Injury Surveillance Systems in Dance; a Critical Review and Systematic Development of an Online System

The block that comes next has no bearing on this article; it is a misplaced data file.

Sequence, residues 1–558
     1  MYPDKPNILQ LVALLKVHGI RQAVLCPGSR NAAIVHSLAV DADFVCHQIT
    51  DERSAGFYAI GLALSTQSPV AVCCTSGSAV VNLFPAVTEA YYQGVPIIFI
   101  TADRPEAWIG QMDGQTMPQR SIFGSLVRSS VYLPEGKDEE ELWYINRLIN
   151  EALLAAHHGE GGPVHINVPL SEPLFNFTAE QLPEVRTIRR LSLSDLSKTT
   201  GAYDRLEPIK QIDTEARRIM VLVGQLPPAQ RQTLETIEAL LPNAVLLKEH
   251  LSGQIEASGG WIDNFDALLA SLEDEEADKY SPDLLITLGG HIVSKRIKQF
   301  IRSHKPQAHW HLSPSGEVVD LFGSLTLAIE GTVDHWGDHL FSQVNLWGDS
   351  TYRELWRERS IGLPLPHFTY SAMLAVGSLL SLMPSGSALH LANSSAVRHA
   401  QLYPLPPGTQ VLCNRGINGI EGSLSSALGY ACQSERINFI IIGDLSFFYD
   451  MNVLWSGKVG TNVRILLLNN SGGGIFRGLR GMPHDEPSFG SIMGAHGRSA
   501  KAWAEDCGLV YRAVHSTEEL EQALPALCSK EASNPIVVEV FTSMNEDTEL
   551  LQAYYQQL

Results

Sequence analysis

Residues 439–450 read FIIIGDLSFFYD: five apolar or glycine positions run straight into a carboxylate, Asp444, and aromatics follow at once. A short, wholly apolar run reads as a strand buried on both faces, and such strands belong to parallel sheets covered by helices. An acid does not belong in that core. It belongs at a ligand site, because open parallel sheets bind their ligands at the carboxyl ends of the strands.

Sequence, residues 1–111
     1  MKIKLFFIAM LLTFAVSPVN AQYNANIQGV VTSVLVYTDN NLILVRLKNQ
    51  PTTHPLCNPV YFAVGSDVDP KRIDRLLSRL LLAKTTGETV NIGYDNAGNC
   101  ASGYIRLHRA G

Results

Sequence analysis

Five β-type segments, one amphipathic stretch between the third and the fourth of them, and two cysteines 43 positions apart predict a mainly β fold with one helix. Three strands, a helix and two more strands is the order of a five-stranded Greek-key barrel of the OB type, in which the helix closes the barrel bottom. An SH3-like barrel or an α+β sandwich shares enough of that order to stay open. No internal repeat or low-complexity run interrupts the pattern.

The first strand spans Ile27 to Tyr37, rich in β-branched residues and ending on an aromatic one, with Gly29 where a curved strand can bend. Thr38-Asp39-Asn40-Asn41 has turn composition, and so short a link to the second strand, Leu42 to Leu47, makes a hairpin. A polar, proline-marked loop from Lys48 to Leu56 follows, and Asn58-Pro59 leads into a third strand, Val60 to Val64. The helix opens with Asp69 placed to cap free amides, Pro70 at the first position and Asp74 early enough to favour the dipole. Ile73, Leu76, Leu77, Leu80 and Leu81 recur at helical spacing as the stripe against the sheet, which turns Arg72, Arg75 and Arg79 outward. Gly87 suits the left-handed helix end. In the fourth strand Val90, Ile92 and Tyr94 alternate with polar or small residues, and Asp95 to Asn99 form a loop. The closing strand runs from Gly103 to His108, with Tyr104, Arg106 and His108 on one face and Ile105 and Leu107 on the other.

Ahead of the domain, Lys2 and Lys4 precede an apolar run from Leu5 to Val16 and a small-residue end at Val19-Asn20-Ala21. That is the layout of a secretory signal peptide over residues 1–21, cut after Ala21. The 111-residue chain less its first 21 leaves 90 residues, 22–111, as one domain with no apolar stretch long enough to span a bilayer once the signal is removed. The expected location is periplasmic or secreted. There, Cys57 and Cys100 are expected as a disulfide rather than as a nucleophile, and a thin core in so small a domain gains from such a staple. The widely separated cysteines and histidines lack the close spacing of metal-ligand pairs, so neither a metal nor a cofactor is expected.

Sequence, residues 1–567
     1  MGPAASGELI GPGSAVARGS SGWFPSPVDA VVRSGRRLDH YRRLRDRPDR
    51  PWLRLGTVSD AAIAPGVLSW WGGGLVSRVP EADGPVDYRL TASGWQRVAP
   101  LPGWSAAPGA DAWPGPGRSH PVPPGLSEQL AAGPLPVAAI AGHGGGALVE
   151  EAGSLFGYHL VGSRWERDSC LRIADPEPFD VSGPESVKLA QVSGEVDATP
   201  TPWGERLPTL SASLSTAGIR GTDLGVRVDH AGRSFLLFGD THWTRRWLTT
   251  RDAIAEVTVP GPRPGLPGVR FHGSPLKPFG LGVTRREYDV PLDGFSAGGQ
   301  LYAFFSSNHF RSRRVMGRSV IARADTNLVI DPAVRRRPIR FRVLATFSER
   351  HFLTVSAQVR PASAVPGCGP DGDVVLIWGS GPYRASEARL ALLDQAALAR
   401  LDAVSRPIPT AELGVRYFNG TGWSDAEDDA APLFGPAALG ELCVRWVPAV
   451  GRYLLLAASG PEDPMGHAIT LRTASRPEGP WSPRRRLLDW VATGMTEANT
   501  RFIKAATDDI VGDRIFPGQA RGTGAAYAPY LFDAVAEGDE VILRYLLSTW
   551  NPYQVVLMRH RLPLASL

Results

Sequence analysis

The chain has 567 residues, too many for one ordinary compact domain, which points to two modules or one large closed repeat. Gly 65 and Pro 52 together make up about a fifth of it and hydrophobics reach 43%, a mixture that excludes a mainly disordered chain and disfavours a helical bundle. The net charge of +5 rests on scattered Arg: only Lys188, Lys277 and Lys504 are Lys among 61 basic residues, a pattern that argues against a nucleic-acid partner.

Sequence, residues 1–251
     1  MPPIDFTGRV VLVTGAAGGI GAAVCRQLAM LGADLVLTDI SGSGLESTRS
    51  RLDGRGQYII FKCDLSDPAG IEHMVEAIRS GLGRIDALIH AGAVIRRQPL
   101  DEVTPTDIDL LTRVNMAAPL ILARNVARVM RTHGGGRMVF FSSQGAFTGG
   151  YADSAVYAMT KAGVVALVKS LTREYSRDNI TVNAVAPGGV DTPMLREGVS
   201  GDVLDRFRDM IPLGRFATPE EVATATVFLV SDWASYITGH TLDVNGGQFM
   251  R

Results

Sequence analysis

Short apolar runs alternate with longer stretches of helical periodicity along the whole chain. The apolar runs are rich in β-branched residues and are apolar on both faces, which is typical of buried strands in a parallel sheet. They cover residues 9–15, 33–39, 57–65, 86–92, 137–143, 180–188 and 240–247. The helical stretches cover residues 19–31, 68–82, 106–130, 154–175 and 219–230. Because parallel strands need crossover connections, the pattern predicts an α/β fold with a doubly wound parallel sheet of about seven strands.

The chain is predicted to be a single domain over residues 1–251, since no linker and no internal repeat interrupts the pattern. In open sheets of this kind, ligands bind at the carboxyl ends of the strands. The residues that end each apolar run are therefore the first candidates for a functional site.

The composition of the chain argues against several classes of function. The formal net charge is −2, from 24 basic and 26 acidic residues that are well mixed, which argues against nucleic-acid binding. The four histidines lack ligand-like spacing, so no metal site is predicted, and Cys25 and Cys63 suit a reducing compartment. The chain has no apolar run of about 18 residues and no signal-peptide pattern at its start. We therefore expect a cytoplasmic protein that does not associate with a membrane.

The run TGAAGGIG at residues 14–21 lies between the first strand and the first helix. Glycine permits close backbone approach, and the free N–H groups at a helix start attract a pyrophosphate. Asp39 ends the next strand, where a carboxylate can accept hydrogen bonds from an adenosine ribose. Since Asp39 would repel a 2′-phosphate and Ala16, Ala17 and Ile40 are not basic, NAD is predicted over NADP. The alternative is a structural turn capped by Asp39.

Dance is a popular and physically demanding activity that involves hours of training, repetitive movements, and minimal recovery time. During competition and production seasons, dancers experience increased training load, high fatigue levels, and an increased risk of musculoskeletal injury. Injury surveillance may improve our understanding of the burden of injuries in dance, and guide prevention and management strategies that optimise dancer performance, wellbeing, and career longevity. Injury surveillance systems in dance, however, are scarce and difficult to access, and data collected on the epidemiology of injuries in dance is not standardised. Therefore, there is a need to develop standardised systems to improve injury data collection methods across all disciplines of dance. The current thesis is divided into 4 chapters. Chapter 1 provides a conceptual background of dance, injury, and injury surveillance, concluding with the aims and objectives of the thesis. Chapter 2 provides an overview of the prospective research on dance injury epidemiology across different dance disciplines and identifies gaps within the current literature, providing a clear rationale for pursuing the study outlined in the next chapter. Chapter 3 is written for submission to a peer-reviewed journal, which consists of 1) a Delphi-consensus study to determine the key elements required for an online dance injury surveillance system, and 2) testing of the usability and feasibility of the system based on an exemplary dance injury scenario. Chapter 4 discusses the importance of standardised injury surveillance within dance to determine the burden of injuries and provides recommendations for future clinical practice and research based on the findings of the thesis.